Jim O’Neill, the former Goldman Sachs Group Inc. economist who coined the BRIC moniker, is joining the U.K. government to lead its effort to devolve more power to cities.
O’Neill, 58, will be commercial secretary for city devolution and infrastructure for the Treasury, the government said on its website Thursday. The position will be unpaid. O’Neill was also made a member of the House of Lords, the upper chamber of Parliament.
The move comes as Chancellor of the Exchequer George Osborne promotes his “Northern Powerhouse,” a policy aimed at investing in the infrastructure of northern cities to boost their economies. In his first speech since the Conservatives were re-elected, Osborne announced “sweeping devolution” for English cities, including allowing Manchester to elect a mayor in 2017 with powers over transport, housing, planning and policing.
“The old model of trying to run everything in our country from the center of London is broken,” Osborne said in Manchester.
Raised near Manchester and a lifelong fan of Manchester United Football Club, O’Neill published a report last year calling for the U.K. economy to be made less reliant on London.
He is best known for his 2001 creation of the BRIC investing strategy as he bound Brazil, Russia, India and China into a group of emerging markets set to increasingly influence the world economy.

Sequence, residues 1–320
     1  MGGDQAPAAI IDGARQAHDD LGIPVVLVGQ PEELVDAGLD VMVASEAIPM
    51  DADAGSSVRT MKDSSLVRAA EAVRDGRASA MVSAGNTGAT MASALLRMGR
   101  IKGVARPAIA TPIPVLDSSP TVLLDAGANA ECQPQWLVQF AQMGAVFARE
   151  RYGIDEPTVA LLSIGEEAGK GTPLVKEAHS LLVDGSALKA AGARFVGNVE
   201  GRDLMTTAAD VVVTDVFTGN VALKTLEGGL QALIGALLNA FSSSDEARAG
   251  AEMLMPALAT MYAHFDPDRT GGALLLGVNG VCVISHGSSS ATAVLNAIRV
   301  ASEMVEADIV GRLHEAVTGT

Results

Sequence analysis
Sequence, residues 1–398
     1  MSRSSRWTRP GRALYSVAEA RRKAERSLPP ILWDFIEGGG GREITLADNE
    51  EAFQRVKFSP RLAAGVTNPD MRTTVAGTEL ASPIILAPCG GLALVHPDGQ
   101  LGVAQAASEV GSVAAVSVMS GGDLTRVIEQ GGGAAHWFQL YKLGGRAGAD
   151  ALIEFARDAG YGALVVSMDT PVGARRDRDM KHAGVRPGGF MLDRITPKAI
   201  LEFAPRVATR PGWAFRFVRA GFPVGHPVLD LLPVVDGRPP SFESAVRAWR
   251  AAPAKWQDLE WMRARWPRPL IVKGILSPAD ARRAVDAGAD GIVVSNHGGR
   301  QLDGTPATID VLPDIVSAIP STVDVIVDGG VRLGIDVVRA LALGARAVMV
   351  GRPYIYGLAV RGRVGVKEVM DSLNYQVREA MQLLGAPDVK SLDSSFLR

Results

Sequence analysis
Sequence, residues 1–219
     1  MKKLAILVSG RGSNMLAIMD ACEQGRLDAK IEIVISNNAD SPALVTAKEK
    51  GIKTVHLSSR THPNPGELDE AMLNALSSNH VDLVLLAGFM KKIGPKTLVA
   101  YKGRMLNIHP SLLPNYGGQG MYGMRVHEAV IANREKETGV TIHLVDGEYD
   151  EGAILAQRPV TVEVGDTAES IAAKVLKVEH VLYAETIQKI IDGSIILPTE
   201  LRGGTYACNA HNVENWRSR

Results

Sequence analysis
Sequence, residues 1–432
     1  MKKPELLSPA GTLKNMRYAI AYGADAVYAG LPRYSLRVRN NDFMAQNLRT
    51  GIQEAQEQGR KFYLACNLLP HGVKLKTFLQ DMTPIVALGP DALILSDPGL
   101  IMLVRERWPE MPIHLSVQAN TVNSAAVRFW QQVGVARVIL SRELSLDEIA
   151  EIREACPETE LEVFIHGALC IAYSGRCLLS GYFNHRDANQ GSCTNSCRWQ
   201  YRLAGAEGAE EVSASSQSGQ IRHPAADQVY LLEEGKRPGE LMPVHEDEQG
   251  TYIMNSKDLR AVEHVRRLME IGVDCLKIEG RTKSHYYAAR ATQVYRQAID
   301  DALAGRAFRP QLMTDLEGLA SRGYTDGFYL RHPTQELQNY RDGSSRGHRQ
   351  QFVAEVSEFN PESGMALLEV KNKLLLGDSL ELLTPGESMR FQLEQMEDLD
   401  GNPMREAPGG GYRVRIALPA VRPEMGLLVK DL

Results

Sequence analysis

O’Neill joined Goldman Sachs in 1995, becoming head of economics in 2001 and then chairman of its asset-management arm in 2010 before stepping down two years ago. He was seen as a potential candidate to replace Mervyn King as governor of the Bank of England in 2012 although he subsequently said he didn’t apply.
The hiring completes the formation of Osborne’s Treasury team following the May 7 election, which saw the Conservatives ditch their Liberal Democrat coalition partners after gaining a surprise majority.
Like O’Neill, several officials have experience of the City of London, as the U.K.’s financial hub is known. Chief Secretary to the Treasury Greg Hands is a former trader, while City Minister Harriet Baldwin previously worked for JPMorgan Chase & Co. Financial Secretary David Gauke is a one-time City solicitor.
O’Neill has also advised the government’s education department and was appointed last year by Prime Minister David Cameron to probe the increasing resistance to antibiotics. Spending as much as $37 billion over a decade could revitalize the pipeline of major breakthrough drugs, he said in a report published on Thursday. He is also a former contributor to Bloomberg View.
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